Conchess Escorter

It is no doubt fanciful but I like to think that the Conchess Escorter you see here is the last new Conchess to be bought anywhere. In the early 1980s 50,000 Conchess chess computers were made as a consequence of some over optimistic market research. Despite a nice program and technically successful upgrades, which had good tournament results it proved difficult to shift so much stock. So the Irish company that made Conchess machines, Waltham Electronics went into liquidation. Matters would not have been helped by poor build quality leading to various defects.

Anyway this particular Conchess Escorter must have spent more than 20 years on a retailers shelf, perhaps occasionally shown to prospective buyers. Through 2004 and 2005 I noticed the Escorter in Chess magazine month after month, included in the column of mainly secondhand chess computers for sale. ‘As new 79 including adaptor’ it said. Then it dropped to 69, and in the September 2005 edition - ‘Only one left, 49’. So I phoned Eric Hallsworth and bought it.

It is a beautiful little machine, perhaps too flashy for some tastes, but I like it.

Conchess Escorter  7  20 x 20
Conchess Escorter  6  20 x 20

The Ambassador and Monarch are the Conchess machines that get all of the attention. In particular the Monarch is a tournament size board in attractive veneer which catches the eye. Most sales on Ebay are of Ambassadors or Monarchs. In 1983 the prices were 249 for the Monarch, 199 for the Ambassador and 159 for the Escorter, whether the Escorter was in silver and copper, as above, or in silver and black (see photos at the bottom of the page).

The Escorter is arguably the rarest of the three, which all share the same electronics. Even so the Escorter would not justify a place in this RARE feature without the additional program modules.

Shown in the Escorter, labelled with a P is the  Princhess (or Glasgow) module. Also known as the A1 in the UK. The second module in the Escorter, shown with a A0 sticker, is a modified standard program module. This had to be sent back to the factory for modification so that the A0 and auxiliary module A1 could work together. The document (bottom left) explains that this program won the World Microcomputer Chess Championships at Glasgow in 1984. It does not mention that the Princhess program was actually in a tie with Fidelity and Mephisto programs and Richard Lang’s Psion (link to tournament table). The Princhess program was sold in the A0/A1 format running at 2 MHz, and also in single modules running at 4 MHz, 6 MHz and 8 MHz. All of these modules included a larger opening book also available separately in a ‘Library’ module (L).

Next to the A0 and A1 in the photo is a module with an A 5.5 sticker. The document (bottom left) indicates that this is an A2 (in the UK) module. This has the Plymate (or Amsterdam) program from 1985 running at 5.5 MHz. Plymate modules were originally made available in 2 MHz, 6 MHz and  8 MHz versions with a later version of the program running at 5.5 MHz replacing the 6 MHz. Most A2’s sold in the UK would have been the 2 MHz module shown with the ‘C’ (see right), or the later 5.5 MHz version (above right). The fastest version, the T8 (the module without a cover  shown to the right), cost a whopping 374.99 in 1985. Approaching 1000 at todays prices!  Price and the fact that stronger machines were continually reaching the market in the 1980s is the reason these modules were poor sellers and are rare today. The L openings module is also shown (right).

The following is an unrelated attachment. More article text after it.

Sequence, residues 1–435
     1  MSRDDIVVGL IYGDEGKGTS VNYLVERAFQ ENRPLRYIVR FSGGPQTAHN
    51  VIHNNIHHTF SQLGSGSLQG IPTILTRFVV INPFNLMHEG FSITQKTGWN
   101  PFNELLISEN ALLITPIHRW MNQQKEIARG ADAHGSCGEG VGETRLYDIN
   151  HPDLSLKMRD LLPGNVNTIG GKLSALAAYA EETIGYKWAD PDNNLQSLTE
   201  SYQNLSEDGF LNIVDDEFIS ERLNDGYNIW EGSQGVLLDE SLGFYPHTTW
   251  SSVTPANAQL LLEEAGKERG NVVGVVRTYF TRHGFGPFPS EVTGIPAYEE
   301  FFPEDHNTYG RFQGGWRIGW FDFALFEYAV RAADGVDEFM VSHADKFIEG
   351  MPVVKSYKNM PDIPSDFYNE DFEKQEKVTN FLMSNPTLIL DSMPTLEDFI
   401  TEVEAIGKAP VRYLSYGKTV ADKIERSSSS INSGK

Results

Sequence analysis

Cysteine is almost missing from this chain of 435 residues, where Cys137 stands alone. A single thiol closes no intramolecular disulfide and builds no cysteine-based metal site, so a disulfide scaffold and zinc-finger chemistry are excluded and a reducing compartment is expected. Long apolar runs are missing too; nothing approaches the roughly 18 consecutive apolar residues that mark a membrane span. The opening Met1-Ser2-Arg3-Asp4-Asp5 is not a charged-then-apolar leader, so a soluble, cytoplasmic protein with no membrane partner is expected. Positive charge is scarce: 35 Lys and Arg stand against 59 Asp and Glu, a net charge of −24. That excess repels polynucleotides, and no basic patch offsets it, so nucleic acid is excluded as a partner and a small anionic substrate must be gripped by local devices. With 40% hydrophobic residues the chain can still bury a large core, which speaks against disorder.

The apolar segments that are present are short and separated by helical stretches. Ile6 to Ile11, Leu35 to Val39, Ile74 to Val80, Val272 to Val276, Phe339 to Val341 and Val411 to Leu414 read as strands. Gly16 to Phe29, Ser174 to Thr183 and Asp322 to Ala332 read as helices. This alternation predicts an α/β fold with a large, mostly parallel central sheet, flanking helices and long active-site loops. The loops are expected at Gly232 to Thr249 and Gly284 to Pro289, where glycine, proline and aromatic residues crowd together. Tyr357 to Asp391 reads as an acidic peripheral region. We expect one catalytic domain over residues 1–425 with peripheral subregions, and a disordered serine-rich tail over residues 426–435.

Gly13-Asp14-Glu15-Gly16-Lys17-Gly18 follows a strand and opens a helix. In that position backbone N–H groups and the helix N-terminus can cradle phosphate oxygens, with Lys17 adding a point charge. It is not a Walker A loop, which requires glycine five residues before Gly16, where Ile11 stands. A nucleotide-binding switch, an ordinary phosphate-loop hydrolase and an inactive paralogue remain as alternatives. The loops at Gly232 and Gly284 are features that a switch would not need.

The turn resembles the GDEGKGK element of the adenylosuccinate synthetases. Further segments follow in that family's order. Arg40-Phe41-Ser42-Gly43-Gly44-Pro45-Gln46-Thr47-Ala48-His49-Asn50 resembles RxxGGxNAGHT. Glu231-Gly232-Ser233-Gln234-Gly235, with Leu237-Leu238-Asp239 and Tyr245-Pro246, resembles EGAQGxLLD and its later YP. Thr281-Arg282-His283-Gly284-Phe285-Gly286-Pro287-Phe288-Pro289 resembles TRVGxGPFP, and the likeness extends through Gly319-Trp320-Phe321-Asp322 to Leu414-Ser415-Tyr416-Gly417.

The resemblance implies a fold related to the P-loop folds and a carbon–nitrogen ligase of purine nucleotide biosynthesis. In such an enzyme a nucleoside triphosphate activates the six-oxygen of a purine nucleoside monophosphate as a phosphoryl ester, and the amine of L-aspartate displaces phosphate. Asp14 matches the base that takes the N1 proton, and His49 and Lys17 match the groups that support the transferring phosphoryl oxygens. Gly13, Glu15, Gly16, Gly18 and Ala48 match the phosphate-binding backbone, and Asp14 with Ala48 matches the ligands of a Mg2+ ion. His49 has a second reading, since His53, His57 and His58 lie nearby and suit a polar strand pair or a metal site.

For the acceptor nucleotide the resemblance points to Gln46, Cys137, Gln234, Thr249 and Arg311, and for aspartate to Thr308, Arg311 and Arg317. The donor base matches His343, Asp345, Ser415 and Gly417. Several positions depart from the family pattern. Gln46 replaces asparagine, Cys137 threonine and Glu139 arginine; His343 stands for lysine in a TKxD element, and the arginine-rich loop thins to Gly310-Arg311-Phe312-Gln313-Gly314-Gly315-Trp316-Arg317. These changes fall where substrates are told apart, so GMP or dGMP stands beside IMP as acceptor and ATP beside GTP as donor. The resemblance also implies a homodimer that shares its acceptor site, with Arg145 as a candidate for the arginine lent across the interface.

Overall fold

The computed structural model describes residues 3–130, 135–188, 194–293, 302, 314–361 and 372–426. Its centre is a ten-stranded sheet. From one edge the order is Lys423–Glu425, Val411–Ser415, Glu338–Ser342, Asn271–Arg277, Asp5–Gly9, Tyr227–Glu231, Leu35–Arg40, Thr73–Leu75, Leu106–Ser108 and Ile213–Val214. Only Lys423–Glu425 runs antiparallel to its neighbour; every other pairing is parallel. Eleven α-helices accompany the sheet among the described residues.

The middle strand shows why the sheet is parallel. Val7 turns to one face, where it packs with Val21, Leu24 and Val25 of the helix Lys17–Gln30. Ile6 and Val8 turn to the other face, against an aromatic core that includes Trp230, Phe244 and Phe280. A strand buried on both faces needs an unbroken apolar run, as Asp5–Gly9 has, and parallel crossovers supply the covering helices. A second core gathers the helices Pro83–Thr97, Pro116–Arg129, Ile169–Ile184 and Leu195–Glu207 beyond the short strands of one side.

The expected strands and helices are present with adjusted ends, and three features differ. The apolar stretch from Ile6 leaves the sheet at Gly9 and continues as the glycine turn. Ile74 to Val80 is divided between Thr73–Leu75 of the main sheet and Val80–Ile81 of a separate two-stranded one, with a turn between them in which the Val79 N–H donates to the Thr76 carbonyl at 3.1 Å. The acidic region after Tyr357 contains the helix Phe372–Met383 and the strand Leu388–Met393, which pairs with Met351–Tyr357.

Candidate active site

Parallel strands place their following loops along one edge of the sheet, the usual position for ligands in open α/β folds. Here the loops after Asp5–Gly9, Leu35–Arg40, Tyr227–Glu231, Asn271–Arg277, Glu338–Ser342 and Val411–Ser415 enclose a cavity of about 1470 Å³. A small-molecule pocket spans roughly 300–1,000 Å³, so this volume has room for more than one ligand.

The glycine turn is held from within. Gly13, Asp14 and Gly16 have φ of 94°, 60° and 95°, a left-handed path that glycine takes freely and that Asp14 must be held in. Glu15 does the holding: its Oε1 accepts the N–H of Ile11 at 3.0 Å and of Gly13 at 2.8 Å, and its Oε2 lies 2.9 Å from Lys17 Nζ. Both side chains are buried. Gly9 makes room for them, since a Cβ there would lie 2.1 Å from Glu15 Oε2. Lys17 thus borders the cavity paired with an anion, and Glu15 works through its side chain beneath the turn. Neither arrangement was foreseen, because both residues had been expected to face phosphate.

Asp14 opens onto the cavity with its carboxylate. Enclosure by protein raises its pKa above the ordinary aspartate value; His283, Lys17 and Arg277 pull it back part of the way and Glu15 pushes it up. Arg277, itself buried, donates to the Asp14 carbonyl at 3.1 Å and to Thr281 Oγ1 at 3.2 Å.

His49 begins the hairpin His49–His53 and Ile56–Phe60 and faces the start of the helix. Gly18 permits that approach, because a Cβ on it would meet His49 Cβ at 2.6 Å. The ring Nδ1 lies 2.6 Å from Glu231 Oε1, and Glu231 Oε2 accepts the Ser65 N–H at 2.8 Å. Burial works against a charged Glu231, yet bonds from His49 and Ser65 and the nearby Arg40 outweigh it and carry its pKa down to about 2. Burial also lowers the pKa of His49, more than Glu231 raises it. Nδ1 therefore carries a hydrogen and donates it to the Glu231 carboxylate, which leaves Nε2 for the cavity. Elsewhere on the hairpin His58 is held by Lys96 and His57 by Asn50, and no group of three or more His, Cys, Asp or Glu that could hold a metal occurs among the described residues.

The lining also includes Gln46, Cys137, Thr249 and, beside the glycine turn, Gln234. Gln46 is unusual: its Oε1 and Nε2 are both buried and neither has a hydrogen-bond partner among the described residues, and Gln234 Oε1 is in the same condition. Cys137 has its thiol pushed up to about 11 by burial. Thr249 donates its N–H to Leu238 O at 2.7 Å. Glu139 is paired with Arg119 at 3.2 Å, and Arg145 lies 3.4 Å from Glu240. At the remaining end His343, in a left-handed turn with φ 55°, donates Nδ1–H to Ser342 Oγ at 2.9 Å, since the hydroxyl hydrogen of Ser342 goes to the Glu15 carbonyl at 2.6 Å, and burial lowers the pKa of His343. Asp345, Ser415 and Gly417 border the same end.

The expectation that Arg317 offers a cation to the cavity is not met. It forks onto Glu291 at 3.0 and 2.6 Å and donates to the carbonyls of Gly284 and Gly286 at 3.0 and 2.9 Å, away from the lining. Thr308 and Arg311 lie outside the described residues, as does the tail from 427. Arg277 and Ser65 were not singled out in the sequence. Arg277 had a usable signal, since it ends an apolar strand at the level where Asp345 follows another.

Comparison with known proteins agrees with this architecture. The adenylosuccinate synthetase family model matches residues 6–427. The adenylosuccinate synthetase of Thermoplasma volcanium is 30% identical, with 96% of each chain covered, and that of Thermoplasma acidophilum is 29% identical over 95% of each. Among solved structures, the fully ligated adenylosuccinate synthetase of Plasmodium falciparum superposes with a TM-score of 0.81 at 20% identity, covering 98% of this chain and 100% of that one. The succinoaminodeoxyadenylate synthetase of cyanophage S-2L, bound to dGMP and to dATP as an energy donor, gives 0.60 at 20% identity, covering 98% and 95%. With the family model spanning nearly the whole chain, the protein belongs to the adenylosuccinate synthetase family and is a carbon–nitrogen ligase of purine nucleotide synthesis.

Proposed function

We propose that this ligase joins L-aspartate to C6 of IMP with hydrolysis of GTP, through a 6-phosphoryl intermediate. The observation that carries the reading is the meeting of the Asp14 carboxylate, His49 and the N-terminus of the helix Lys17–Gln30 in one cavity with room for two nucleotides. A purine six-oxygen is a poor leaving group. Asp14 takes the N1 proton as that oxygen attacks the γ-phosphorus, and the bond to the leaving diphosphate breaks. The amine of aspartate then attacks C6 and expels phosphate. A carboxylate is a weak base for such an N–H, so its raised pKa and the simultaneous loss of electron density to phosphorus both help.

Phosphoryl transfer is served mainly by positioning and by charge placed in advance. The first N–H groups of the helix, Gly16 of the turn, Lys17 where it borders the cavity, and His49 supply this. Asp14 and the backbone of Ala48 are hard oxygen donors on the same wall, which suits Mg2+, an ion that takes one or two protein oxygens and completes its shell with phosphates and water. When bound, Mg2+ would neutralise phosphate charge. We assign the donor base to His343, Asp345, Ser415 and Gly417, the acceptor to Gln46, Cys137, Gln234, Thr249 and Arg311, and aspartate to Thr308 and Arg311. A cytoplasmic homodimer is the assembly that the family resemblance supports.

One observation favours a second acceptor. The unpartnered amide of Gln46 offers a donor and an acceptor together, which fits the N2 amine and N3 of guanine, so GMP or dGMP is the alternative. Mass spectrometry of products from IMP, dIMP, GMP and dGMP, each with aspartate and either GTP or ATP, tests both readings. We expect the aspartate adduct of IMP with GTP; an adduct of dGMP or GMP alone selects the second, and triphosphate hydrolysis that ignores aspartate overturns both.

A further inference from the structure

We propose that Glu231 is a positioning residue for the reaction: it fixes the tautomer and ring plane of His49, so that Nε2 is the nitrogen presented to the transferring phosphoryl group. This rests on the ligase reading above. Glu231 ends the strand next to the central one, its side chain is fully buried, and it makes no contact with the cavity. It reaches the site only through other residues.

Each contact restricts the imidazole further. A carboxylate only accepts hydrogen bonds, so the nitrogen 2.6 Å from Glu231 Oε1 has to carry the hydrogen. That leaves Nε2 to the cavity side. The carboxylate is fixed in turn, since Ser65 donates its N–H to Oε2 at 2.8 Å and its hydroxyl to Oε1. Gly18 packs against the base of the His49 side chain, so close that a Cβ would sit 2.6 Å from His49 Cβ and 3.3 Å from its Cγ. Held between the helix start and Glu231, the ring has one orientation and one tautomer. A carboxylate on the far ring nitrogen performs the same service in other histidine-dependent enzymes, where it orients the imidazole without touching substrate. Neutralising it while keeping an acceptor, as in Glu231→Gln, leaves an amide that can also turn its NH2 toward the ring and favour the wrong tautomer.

The photo (below right) of the bottom of the Escorter shows the standard program module which has the same serial number as the Escorter itself (E0004686). The module serial numbers starting with an E were sold with an Escorter, A with an Ambassador and M with a Monarch. However regardless of whether the module is an E, A or M, it contains the same standard program and works in all three boards.

If you require more information about the program modules a 12 page Technical Guide can be downloaded from Alain Zanchetta’s website (link). This includes an Operating Guide for the Plymate cartridges.

An earlier rare version of the Operating Guide  which covers the Princhess cartridges can be found here (link). Comparing the two guides will give you an easy way to distinguish between a Princhess and a Plymate cartridge using the Mate in x  search function.

Conchess Modules  3  20 x 20
Conchess Escorter  1  20 x 20
Conchess Escorter  5  20 x 20
Conchess Escorter  4  20 x 20
Conchess Escorter  3  20 x 20
Conchess Escorter  8  10 x 10
Conchess T8 Alwin Gruber 1 10 x 10
L Module 1 10 x 10
Conchess Escorter  2  20 x 20
Conchess Escorter 1 15 x 15 Conchess Escorter 2 12 x 12
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